I use this post to try and explain an alternative to HLD that I have been using for more than a couple of months.

As many of you might be familiar HLD is a very tough thing to implement and is time-taking and must be implemented carefully.

Also if HLD sums are asked in short contests then it is going to be difficult to implement. Hence I came up with this technique.

I will try and explain this concept with the july long contest problem.

In this problem the value of number of nodes is given to be 10^5 which means maximum depth of the tree is 10^5 (worst case). What I do is I perform a dfs in the tree and for every node whose depth%1000=1, I store the values of all its ancestors.

In worst case the memory complexity is (1000+2000+...10^5)= 1000(1+2+3+....+100) = 5*10^6. After this I sort all these values and take a prefix xor.

Now for each query I have to travel up atmost 1000 ancestors and arrive at an ancestor whose depth%1000=1 and from there we can find xor of all elements less than k. We do this for both nodes U and V(source and destination). Because of the property of XOR all the values of the ancestors are canceled out.

Hence each query is (1000*Q) in the worst case.

Though this is somewhat testing the upper limits we can actually dynamically change the value in which we store the ancestors(1000 in this case). However this has not been required so far for me.

This is because we such situations(which test upper limits) rarely occur but even for that depending on the tree we can change the depth value.

Another question I solved using this techique is GPD in codechef. GPD can also be solved using persistent trie but this method is far more easier.

My solutions for : PSHTTR : GPD

In case for sum of values in the path between 2 nodes we can store sum of ancestors and we can find answer by:

sum upto U + sum upto V — sum upto LCA(U,V)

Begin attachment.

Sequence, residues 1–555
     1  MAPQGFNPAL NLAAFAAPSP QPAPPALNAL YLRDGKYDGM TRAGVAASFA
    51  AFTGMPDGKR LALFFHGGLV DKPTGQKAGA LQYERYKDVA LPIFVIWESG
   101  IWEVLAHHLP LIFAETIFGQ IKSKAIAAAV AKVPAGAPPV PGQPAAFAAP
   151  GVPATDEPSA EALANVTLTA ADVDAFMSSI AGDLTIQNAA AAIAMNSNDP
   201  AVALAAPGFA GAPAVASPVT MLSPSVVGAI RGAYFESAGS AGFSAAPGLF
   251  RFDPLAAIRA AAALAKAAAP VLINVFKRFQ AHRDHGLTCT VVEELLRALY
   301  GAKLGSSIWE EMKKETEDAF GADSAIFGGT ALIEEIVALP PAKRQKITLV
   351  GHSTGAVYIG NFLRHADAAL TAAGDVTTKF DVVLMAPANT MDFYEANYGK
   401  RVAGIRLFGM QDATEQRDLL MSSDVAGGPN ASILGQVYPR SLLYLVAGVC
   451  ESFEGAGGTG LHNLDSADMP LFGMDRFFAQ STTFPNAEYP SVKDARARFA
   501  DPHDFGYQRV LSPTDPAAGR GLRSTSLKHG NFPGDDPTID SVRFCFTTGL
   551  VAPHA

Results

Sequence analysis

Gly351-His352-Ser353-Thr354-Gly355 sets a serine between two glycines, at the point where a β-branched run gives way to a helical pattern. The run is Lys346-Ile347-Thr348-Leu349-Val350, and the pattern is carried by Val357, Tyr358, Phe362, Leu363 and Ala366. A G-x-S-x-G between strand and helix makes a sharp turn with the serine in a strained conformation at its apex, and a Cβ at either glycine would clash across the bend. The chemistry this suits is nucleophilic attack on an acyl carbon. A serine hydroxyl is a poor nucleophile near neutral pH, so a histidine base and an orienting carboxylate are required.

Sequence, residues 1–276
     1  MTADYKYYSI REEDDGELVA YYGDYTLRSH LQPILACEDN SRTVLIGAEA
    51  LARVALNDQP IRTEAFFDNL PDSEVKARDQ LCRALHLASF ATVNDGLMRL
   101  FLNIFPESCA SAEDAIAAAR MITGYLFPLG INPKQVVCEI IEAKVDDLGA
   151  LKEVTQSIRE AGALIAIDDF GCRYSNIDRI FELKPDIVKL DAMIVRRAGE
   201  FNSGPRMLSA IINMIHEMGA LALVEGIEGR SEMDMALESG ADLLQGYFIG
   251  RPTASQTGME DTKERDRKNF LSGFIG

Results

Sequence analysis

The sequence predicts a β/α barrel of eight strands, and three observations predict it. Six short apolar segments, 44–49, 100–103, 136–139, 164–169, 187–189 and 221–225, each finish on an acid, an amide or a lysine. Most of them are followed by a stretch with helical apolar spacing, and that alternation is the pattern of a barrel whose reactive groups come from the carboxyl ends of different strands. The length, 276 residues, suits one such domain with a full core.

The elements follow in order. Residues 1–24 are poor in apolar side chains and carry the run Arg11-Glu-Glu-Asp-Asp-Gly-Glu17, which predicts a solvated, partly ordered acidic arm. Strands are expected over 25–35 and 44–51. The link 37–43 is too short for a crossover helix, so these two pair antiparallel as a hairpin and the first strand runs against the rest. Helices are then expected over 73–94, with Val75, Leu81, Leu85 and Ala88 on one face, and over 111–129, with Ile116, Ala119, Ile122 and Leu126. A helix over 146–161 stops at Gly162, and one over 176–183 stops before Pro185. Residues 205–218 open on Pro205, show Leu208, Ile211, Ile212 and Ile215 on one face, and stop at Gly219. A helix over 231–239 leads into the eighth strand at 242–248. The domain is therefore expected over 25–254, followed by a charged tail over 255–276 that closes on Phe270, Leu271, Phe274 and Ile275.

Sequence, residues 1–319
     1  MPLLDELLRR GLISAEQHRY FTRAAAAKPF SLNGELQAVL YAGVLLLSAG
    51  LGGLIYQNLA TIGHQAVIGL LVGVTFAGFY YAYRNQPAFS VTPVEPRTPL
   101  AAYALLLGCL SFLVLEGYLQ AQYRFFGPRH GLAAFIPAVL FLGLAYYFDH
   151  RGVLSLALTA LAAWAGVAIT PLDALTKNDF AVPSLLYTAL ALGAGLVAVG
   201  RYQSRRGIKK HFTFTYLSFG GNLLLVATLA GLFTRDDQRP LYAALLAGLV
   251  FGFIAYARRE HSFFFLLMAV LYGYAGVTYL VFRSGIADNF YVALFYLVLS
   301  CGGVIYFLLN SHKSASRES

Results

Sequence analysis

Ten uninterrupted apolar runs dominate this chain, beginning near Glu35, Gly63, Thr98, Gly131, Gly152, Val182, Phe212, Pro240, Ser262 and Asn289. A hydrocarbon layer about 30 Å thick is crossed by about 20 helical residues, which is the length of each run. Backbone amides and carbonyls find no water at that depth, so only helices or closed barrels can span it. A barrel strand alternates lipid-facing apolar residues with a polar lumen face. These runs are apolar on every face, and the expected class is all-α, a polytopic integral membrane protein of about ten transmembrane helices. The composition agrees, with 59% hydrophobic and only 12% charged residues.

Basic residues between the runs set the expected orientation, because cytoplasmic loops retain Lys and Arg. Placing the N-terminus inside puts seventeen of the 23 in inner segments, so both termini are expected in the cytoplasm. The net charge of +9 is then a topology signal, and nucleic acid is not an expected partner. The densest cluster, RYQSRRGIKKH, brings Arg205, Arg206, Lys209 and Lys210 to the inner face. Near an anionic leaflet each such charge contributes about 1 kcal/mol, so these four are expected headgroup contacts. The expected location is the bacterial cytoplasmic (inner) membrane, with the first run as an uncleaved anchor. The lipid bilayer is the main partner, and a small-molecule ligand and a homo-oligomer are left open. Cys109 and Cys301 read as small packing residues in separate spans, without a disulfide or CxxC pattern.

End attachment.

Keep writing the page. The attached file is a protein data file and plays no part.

Upd1: If the maximum depth of tree is less than 1000 you can directly climb up the tree and do the calculations.

Also as Diversity pointed out there can be cases where there are 10^5-1000 nodes which have depth%1000=1. For overcoming this we can have an initial dfs that has a count of depth%1000=1,2,3,4,...,999 and we can choose values which satisfy the memory limit using count(This is the dynamic change of value I mentioned).Also I believe we can strech upto depth%2000.

Note: I have not tried implementing this technique of changing node depth of storing values dynamically.

Auto comment: topic has been updated by sdssudhu (previous revision, new revision, compare).Auto comment: topic has been updated by sdssudhu (previous revision, new revision, compare).If I understood correctly, isn't this just sqrt optimization i.e. perform updates and queries in buckets of sqrt(n).

Yeah it is similar to sqrt decomposition but the bucket size is not necessarily sqrt(n) and I thought by this post more people will come to know about this as it is very useful for short contests

Consider tree of single root with children all having ...

Well, at least there is good news: there always is such that there are at most

n/pvertices having . But you should find that .I believe we can find the value of k by performing an initial dfs and store count of depth%1000=1,2,...

wow it's simple and elegant.Thanks for the blog :D

Can you provide link to more questions which can be solved using this technique?

I don't remember anything right now. I haven't seen anything recently related to it. Will update if I get some other problems

sqrtdecompton would love this